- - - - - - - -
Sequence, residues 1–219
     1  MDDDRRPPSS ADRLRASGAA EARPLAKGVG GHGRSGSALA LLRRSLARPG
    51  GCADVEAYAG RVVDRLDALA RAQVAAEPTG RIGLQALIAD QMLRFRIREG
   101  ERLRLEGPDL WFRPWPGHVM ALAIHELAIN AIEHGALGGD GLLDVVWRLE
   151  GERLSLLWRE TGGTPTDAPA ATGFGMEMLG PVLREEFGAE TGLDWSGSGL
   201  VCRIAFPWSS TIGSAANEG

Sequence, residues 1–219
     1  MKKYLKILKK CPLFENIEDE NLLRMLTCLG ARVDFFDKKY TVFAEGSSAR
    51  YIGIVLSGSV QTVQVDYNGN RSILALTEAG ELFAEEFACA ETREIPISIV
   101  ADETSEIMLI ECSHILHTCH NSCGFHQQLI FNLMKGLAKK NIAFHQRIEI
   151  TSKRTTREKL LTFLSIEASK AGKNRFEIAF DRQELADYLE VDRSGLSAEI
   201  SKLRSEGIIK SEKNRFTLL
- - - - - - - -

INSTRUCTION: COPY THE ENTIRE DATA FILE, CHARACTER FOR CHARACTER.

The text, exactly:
Sequence, residues 1–219
     1  MDDDRRPPSS ADRLRASGAA EARPLAKGVG GHGRSGSALA LLRRSLARPG
    51  GCADVEAYAG RVVDRLDALA RAQVAAEPTG RIGLQALIAD QMLRFRIREG
   101  ERLRLEGPDL WFRPWPGHVM ALAIHELAIN AIEHGALGGD GLLDVVWRLE
   151  GERLSLLWRE TGGTPTDAPA ATGFGMEMLG PVLREEFGAE TGLDWSGSGL
   201  VCRIAFPWSS TIGSAANEG

Sequence, residues 1–219
     1  MKKYLKILKK CPLFENIEDE NLLRMLTCLG ARVDFFDKKY TVFAEGSSAR
    51  YIGIVLSGSV QTVQVDYNGN RSILALTEAG ELFAEEFACA ETREIPISIV
   101  ADETSEIMLI ECSHILHTCH NSCGFHQQLI FNLMKGLAKK NIAFHQRIEI
   151  TSKRTTREKL LTFLSIEASK AGKNRFEIAF DRQELADYLE VDRSGLSAEI
   201  SKLRSEGIIK SEKNRFTLL